Instead of rewriting for the sake of editorial evenness or even developing perspectives from other workers in the field, the editors write a commentary for each chapter. These commentaries are useful summaries of the chapters. For this is probably not the book that one wants to read from cover to cover. Rather it is the book that accompanies one on flights, where one can read or reread a chapter or two at a time. Subsequently, one can search for and find selected references, which in some chapters are fisted after the actual textual references.

The author of Chapter Three succinctly describes the background to the severityof-illness measuring industry. She takes five different systems and describes why they were developed. She mentions the newer applications that the entrepreneurial world has developed for the severity systems and demonstrates that they' naturally give different answers when asked to do things for which they were not designed. Appropriately, she does not criticize the systems for what they do or do not do. She uses them to illustrate the point that concern about severity of illness is a real phenomenon, but that there are two (or more) sides to this debate, as there are to most debates. For instance, in some cases a patient presenting with a more severe manifestation of a disease maybe less of a diagnostic dilemma, and therefore may consume less resources and not more.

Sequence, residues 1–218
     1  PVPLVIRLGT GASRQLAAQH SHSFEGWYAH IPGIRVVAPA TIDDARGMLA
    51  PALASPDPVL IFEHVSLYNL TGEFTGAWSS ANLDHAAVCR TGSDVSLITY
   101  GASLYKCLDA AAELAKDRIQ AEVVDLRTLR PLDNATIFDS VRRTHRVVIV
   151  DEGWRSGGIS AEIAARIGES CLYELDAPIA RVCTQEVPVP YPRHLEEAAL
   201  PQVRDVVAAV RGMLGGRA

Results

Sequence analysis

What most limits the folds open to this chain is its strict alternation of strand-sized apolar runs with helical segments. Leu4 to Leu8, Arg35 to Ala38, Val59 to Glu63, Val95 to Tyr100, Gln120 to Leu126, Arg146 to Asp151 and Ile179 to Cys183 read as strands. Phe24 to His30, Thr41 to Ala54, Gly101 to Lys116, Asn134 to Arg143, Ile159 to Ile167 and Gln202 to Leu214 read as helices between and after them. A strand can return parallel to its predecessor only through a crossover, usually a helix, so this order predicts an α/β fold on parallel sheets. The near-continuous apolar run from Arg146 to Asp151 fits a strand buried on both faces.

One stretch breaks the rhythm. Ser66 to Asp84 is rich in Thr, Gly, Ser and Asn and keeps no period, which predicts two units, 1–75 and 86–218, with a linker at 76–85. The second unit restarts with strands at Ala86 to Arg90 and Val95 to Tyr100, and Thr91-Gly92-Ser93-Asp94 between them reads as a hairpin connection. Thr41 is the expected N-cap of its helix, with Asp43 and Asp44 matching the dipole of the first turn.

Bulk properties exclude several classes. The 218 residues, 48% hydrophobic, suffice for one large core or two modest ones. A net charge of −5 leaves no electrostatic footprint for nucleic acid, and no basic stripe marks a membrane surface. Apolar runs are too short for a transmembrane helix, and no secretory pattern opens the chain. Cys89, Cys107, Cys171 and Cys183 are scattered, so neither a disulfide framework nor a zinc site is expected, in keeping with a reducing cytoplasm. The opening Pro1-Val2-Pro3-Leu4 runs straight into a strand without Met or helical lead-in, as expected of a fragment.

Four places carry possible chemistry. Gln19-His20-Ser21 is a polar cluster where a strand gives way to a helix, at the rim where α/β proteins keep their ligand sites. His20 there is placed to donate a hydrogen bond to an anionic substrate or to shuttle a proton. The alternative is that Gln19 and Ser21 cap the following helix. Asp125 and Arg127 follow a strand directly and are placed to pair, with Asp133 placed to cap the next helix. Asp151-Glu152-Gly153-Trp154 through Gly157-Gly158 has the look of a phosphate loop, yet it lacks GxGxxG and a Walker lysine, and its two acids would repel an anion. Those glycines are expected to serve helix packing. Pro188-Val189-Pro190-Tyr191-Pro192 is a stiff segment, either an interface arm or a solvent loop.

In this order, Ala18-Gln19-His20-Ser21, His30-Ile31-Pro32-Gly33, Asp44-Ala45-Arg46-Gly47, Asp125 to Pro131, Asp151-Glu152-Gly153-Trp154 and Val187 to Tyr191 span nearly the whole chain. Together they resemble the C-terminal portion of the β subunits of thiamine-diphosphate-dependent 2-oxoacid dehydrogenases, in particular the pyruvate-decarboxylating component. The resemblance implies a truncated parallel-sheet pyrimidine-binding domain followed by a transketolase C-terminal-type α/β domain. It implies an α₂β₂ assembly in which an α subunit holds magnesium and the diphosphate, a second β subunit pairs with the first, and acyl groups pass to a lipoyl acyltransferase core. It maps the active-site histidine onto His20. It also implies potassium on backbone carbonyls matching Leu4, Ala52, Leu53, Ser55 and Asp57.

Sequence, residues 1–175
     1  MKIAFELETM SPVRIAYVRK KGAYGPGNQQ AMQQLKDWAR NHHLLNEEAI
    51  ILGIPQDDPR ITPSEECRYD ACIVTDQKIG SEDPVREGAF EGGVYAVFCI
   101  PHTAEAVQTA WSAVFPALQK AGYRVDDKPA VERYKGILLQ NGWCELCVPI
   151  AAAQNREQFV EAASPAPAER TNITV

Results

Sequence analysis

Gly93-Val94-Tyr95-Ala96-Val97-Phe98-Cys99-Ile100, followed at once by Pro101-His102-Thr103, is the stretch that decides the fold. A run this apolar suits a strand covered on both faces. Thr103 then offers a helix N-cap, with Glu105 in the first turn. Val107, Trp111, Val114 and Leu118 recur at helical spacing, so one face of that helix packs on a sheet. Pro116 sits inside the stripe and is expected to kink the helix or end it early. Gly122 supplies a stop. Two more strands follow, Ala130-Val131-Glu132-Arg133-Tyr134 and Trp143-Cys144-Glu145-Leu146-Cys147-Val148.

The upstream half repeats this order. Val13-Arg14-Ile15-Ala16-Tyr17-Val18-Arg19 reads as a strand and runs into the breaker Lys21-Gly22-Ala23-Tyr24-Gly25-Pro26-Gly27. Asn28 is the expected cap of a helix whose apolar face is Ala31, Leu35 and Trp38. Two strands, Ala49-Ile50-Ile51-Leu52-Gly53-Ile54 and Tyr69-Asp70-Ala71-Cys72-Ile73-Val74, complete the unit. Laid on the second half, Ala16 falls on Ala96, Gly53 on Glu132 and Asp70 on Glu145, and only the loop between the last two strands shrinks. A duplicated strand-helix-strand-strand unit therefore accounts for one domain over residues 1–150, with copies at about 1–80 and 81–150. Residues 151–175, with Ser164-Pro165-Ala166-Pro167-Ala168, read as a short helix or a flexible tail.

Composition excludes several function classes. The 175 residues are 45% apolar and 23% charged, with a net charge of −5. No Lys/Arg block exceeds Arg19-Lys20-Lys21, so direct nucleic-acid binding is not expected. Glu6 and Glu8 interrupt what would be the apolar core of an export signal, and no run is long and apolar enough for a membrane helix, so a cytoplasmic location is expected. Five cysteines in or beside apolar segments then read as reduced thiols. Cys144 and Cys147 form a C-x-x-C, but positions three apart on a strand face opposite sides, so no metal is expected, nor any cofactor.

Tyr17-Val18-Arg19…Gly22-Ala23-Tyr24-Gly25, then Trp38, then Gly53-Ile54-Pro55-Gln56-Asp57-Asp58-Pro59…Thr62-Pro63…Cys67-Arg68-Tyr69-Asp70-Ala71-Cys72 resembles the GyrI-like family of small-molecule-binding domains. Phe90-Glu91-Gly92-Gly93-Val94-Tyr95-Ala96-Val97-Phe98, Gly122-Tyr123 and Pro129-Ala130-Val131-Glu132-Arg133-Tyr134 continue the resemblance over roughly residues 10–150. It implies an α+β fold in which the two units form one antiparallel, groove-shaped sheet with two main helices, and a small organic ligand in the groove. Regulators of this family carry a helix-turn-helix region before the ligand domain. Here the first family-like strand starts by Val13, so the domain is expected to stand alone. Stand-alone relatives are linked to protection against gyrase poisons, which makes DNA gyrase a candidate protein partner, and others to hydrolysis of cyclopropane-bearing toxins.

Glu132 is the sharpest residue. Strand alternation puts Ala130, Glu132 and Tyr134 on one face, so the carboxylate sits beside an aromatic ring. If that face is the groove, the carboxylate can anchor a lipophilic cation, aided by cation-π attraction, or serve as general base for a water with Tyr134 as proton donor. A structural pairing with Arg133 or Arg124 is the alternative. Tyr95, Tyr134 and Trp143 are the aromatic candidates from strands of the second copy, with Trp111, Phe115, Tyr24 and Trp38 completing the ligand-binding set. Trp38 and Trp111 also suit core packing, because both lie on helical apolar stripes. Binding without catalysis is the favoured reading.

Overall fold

In Chapter Four, hospital mortality is discussed in great detail. Whether or not one believes that the release by the New York Times on March 12, 1986, of Health Care Financing Administration mortality data was appropriate, that is now a watershed date. Any physician or other provider who uses, reviews, or is asked about hospital mortality needs to understand these data. No mortality or adverse outcome is ever acceptable. Some outcomes may be inevitable, but there is always room for improvement. The notion of continuous quality improvement is taken up in the next two chapters of the book. By now, everybody interested must surely have heard or read about the notion of continuous quality improvement versus the bad apple theory. For those who haven't, Chapters Five and Six will make excellent reading. On the other hand, even those familiar with W. Edward Deming's sentinel work on quality will find Chapter Five a succinct revision.

The remaining three chapters of the book are devoted to measuring quality in the office practice, the Joint Commission on Accreditation of Healthcare Organizations, and, finally, malpractice, clinical risk management, and quality assessment.

I think that this anthology will be useful for both professionals who know a lot about the field and those who are just learning. It is written by experts in their fields. The book is well referenced, and the commentaries by the editors are helpful for the most part. It is not exhaustive and will certainly not be the last word in the field. It is, however, a slim volume that will stimulate me to think as I reread it on those frequent flights.
COPYRIGHT 1989 American College of Physician Executives
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Copyright 1989, Gale Group. All rights reserved. Gale Group is a Thomson Corporation Company.

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Author:Roberts, Nigel K.
Publication:Physician Executive
Article Type:Book Review
Date:Sep 1, 1989